Friday, April 18, 2014

The continuing assault on freedom

“My grandfather was imprisoned for ten years simply because he refused to change our name as directed by our Soviet masters. He was not the only one put to jail, countless more were, and when the Soviet Empire fell they were freed and recompensed – but the years they wasted were utterly way beyond.” An Eastern European friend was relating (against this backdrop) how some of their Russian friends were behaving – with jingoism – following Crimea. “Can you imagine how these recent events have sent chills down our spines?”

“From the moment that Russia’s invasion and annexation of Crimea cast a new, bitter chill over relations with the West, a sinister jingoistic vibe has pervaded this unsettled capital — stirred up by state-controlled television and Mr. Putin himself.” [Xenophobic Chill Descends on Moscow, David M. Herszenhorn, The New York Times, 12th Apr 2014] “Moscow today is a proudly international city, where skateboarders in Gorky Park wear New York Yankees hats they bought on vacation in America, and where the designer French or Italian handbags might just as well have been picked out in Paris or Milan as in one of the boutiques in Red Square. Apple iPhones and iPads are nearly as common on the subway here as they are in Washington . . . In the weeks since the military incursion into Crimea, however, Russian flags have been hung from the windows of apartment buildings all over the city, just as American flags appeared in profusion after the Sept. 11 terror attacks.”

“At Mr. Putin’s direction, a committee led by his chief of staff is developing a new state policy in culture . . . [T]he proposed cultural policy emphasizes that ‘Russia is not Europe’ and urges ‘a rejection of the principles of multiculturalism and tolerance’ in favor of emphasizing Russia’s ‘unique state-government civilization’ . . . ‘What do we see from the first pages? Gnomes, Snow White — these are representatives of a foreign-language culture,’ an expert of the Russian Academy of Education, Lyubov Ulyakhina, [said] in a question-and-answer interview. ‘Here’s some monkey, Little Red Riding Hood,’ . . . ‘of 119 characters drawn here only nine are related to Russian culture. Sorry — no patriotism — this is not funny; this is our mentality.”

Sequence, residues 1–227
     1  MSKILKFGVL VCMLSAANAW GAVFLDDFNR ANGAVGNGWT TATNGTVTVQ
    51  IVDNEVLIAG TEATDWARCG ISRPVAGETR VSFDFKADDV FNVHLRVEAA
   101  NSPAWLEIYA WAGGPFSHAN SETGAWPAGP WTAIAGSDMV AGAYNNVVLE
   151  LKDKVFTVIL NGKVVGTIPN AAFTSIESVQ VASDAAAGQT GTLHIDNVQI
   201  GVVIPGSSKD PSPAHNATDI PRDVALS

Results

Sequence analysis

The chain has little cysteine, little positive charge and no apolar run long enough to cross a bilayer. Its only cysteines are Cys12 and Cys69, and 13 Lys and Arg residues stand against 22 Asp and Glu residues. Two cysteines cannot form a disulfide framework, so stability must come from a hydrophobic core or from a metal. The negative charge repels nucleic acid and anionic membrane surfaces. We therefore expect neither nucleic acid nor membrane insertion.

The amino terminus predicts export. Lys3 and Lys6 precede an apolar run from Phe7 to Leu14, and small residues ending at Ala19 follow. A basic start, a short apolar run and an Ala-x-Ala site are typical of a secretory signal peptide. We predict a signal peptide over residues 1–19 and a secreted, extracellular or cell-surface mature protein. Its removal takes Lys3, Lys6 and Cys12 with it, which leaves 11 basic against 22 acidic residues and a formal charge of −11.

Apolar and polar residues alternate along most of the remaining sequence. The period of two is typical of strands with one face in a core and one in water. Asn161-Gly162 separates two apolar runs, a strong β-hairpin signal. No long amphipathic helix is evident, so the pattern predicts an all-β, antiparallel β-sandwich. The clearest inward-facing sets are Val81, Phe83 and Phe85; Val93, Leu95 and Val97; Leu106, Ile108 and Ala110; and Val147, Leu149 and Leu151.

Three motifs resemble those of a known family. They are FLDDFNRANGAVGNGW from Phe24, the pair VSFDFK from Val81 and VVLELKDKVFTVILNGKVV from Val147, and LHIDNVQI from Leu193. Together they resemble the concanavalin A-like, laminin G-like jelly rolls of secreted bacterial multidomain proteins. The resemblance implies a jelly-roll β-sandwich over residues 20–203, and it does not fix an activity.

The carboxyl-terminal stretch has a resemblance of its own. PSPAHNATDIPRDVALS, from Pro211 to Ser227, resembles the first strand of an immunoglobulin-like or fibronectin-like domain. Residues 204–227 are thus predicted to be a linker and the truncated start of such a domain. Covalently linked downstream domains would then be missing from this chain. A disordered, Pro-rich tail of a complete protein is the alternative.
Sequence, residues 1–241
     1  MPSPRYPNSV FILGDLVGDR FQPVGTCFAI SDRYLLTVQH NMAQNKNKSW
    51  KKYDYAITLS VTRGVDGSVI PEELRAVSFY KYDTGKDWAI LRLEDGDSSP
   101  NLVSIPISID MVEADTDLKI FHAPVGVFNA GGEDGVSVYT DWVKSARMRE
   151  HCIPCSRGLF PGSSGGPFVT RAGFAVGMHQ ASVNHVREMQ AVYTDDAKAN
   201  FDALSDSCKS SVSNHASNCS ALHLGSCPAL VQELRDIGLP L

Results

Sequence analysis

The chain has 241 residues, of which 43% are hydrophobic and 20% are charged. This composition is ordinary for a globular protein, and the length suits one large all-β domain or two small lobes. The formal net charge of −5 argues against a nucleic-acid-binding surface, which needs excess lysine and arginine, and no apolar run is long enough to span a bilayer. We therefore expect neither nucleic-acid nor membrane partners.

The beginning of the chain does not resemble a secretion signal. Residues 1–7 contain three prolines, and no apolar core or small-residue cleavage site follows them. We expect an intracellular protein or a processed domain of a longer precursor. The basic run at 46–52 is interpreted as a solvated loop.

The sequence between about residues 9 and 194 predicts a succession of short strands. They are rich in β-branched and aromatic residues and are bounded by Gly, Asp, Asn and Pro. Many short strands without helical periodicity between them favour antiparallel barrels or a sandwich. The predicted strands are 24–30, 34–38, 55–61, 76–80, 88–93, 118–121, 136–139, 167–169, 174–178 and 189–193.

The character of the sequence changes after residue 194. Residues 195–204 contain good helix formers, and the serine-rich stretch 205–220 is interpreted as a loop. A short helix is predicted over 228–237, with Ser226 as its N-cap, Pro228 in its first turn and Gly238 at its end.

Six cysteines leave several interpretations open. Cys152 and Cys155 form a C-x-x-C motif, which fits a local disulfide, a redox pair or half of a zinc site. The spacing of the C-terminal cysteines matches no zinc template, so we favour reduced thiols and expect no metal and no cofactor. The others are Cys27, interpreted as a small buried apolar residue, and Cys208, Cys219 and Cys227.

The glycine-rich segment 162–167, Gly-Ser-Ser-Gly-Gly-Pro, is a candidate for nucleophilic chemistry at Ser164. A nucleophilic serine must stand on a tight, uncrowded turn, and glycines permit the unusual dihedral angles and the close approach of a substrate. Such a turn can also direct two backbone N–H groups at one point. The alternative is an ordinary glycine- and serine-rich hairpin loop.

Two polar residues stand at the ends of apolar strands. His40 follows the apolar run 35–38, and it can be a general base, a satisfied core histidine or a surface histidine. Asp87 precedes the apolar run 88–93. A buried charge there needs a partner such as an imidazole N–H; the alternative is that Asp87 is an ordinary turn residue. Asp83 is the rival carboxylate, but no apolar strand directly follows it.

And the friend continued: “Some people don’t appreciate, much less value, freedom because unlike my grandfather, freedom wasn’t summarily taken away from them.” And not surprisingly, in PHL, where we talk a lot about our colonizers, we have been constantly assaulting freedom – unwittingly, of course? For example, after 68 years we have yet to build strong institutions, which are lower in our value system compared to our respect for hierarchy – and reflected in our cacique culture and deference to oligarchy, even that of the dummy variety? And there is no strong public opinion to overcome them – not now and not in the distant future especially when a big chunk of media is in the back pockets of vested interests?

And while glossing over our lack of community sense (reflected in culture of impunity), crab mentality (or mistrust of representative democracy) and poor self-esteem (expressed in our parochial worldview), we like to harp on family? That is a virtue indeed yet as the young Jesus demonstrated in the temple, beyond family is a bigger community? And it is beyond . . . “kaklase based, Jesuit based and law school alumni based,” to quote a priest?

Spending more time outside the Philippines, I am witness to the reality that family values are not our monopoly as Filipinos. For instance, I learned about our “querida system” while still a young boy in Manila. And I have yet to know of the querida system among my foreigner-friends and acquaintances. Of course, I have seen divorces but as Francis says, who are we to judge? And Pope Francis made himself available to celebrate the baptism of a divorcee's child, out of wedlock. And we don’t want to mirror the ideologues Francis referenced as suffering from leprosy?

“The problem with ideologies . . . is that we live in a non-ideological world. Nobody knows what will happen to the Eurasian idea [of Putin] if oil prices start to fall. No matter how different [Putin] thinks he is from the westerner, the crux for the Russian will again be bread and survival.” [Boyko Vasilev, Putin’s turn signals, Bulgaria on air, April 2014]

And as the friend explained: “Flying from Moscow to Siberia where they have winter resorts, one would not miss the poverty on the ground – it is stark and visible from the sky.” And that is reinforced by “. . . [F]or 25 years after the fall of the Soviet system it did not build a consumer oriented economy and now fully depends on the export of natural resources . . . mostly to the EU. If extraction of shale gas in Europe develops on the scale it has developed in North America, the Russian economy will suffer a dreadful strike . . .” [Konstantin Tomov, Incurable dependence, Bulgaria on air, April 2014]

“The threats exchanged between the EU and Russia hide their mutual helpless . . . In the epoch of globalization, economic sanctions are subject to Newton’s law: each force is equal in magnitude and opposite in direction to another force. With such a law, there is no chance for a long-term benefit.”

What should we in PHL be concerned about? As I explained to my Eastern European friends, while I came over as a business consultant, I’ve learned a lot from them. Could we Pinoys learn some about freedom and democracy from these ex-socialists?

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